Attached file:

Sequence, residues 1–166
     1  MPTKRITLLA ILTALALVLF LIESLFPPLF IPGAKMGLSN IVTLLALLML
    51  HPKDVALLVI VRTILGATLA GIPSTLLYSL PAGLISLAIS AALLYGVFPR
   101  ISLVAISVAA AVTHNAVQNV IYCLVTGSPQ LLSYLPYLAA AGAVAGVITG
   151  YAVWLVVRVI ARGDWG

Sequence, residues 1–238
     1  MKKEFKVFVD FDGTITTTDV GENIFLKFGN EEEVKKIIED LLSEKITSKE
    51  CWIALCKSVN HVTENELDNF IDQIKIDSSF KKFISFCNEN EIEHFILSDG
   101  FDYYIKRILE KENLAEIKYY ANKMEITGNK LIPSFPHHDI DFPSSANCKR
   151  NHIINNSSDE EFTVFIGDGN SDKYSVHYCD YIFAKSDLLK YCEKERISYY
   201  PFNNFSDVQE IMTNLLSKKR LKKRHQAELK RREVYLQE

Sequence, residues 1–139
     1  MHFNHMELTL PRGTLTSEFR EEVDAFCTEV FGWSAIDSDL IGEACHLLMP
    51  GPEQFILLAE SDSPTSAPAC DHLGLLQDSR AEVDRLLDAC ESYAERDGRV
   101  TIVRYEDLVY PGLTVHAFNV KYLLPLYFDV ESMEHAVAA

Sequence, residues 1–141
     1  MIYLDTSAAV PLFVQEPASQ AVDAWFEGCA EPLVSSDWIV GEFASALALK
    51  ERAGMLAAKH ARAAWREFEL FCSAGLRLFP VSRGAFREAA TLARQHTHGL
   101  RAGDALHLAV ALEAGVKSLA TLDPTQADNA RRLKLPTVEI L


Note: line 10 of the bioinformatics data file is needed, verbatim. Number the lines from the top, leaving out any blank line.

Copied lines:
   151  NHIINNSSDE EFTVFIGDGN SDKYSVHYCD YIFAKSDLLK YCEKERISYY